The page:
That big change in the process and the equipment is reflected in the sound of the album. It’s much less of a kick drum-based, dancefloor-focussed album than the first one.
I think being a DJ I got quite bored of kick drum-based music. It’s a real struggle for me to find stuff I actually want to play, but luckily I’ve got better and the people who come to my shows have gone along with me and I don’t have to play too much stuff that’s very kick-drummy or straight. DJing’s still quite fun because people are dancing along to kraut records now which makes me really happy.
I really didn’t want to make a dance album. I don’t really see the point in them. I always had this feeling like, ‘Why do I need a kick drum? I’m in my house.’ All the kick drums are at the back of the mix in everything. I don’t know if I can ever go back to putting kick drums in everything.
It’s quite a reaction against lots of the things I was exposed to in the dance music world. Everything’s so straight and so tight, and there’s this an arms race of personal weakness on the part of DJs and producers, like ‘If I make it 2dB more L3 on the master chain it’s going to be even louder and punchier. If I leave only a kick drum and an off-beat bass sound that’s going to be really loud…’ That’s like a race to the bottom. There’s so much imbued meaning in production choices and I think in dance music people are quite unaware of that, whereas with rock music you can produce it like Ariel Pink or you can produce it like Travis and people are aware of the meaning of that. There’s a continuum and where you put yourself on that determines what kind of band you are. Loads of people in dance music think that even though they’re not making Guetta-house they can use the same production techniques as Guetta and it’s still OK. To me that’s like… functional, spray-tan music.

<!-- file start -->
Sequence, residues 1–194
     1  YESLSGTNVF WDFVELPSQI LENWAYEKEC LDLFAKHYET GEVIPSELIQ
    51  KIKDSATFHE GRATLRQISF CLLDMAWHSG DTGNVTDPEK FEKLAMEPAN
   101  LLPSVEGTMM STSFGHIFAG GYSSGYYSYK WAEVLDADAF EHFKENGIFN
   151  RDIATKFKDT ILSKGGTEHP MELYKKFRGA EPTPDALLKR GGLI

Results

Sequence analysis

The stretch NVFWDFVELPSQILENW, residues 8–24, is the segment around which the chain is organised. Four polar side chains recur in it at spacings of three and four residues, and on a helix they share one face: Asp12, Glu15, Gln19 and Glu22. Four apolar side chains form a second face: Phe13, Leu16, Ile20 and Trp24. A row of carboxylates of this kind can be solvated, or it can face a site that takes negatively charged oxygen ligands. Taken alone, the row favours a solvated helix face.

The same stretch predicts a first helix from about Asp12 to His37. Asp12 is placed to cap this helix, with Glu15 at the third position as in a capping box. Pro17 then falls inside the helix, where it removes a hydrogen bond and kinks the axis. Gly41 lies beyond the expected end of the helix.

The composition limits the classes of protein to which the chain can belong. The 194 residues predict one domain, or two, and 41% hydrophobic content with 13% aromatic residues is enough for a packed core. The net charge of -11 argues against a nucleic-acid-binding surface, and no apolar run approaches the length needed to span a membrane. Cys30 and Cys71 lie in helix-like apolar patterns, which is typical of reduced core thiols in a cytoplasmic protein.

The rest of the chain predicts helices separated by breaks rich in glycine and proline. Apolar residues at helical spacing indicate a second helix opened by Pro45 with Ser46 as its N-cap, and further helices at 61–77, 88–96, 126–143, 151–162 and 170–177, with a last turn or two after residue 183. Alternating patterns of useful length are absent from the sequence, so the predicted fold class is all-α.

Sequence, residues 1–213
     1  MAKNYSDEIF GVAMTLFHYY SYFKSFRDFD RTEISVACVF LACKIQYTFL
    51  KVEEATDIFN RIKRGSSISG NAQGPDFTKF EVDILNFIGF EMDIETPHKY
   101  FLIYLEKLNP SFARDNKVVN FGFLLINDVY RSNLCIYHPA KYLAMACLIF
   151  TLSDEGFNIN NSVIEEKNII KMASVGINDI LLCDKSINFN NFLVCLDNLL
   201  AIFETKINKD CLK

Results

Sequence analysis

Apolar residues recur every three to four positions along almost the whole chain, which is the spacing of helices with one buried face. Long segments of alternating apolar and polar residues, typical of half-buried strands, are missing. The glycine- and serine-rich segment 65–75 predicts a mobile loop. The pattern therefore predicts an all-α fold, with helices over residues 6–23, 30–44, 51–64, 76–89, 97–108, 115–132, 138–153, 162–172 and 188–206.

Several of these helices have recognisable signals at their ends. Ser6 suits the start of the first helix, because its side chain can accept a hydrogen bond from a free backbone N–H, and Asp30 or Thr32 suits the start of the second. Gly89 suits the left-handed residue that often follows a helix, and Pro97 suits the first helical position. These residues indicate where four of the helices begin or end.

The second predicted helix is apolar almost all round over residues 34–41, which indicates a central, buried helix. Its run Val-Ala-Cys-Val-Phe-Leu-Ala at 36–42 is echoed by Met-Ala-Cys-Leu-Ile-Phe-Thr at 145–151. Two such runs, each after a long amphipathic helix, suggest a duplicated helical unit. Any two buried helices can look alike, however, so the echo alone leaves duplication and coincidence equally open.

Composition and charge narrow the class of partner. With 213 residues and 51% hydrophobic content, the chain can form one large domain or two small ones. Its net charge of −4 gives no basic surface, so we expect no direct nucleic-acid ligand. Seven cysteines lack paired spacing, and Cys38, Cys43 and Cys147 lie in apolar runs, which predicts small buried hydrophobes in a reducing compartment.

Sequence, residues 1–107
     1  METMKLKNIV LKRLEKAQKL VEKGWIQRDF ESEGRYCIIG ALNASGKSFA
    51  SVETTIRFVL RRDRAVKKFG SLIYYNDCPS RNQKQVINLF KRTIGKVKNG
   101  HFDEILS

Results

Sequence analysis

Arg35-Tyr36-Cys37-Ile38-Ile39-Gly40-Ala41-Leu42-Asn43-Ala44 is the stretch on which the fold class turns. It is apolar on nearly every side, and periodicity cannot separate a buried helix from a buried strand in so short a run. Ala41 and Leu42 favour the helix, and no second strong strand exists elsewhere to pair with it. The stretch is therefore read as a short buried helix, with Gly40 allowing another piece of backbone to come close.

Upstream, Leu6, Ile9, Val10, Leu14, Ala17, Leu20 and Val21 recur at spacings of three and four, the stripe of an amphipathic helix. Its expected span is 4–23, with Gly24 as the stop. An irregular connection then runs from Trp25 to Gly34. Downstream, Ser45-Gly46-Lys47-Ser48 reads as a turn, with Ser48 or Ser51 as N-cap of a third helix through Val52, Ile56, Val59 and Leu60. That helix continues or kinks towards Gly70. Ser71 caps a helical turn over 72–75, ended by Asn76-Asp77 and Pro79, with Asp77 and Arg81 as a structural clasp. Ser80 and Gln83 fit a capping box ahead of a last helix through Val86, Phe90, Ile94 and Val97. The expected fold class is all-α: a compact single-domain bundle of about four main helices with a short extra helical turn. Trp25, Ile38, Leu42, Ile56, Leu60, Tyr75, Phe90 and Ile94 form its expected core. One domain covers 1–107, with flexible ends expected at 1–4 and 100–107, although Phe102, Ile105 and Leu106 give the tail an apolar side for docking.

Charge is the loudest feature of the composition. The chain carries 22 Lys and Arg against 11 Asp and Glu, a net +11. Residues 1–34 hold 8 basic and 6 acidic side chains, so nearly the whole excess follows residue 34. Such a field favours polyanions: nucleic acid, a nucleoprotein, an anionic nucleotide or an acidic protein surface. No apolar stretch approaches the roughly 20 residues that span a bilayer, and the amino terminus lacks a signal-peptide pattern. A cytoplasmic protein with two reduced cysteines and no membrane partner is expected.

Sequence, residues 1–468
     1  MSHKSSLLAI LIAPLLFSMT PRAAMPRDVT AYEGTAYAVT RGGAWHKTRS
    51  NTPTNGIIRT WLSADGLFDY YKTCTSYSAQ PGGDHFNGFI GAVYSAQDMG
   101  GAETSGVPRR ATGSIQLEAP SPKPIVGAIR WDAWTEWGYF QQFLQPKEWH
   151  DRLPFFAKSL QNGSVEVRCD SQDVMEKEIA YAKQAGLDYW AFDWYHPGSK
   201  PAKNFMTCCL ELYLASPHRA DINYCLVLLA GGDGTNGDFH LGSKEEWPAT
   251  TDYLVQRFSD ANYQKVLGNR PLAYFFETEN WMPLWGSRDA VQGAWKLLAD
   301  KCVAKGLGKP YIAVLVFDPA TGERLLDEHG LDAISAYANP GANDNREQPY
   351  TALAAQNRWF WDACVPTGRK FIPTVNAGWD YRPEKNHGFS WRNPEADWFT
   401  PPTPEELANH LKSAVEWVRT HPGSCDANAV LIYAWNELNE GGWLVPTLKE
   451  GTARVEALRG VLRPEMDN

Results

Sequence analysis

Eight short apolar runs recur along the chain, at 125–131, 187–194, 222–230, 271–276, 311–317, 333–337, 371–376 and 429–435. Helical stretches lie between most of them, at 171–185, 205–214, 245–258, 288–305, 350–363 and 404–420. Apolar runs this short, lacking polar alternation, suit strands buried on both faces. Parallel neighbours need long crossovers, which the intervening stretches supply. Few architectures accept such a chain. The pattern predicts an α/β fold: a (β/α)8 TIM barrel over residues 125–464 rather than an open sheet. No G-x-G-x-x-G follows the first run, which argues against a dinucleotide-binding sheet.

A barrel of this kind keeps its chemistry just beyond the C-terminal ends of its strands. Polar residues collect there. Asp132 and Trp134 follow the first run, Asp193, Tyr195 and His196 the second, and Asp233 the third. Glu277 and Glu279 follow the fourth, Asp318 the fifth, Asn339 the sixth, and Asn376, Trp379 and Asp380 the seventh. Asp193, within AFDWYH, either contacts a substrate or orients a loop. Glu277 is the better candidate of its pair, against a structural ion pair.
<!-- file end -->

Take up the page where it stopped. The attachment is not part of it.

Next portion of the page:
There’s so much imbued meaning in production choices and I think in dance music people are quite unaware of that.
The meaning in that became really offensive, so I just wanted to do the exact opposite: make all the timing loose and the production soft and woolly and not sharp and tight. It’s still loud and intense and I’m still making an effort when I mix things down to make them sound good, but not that kind of good.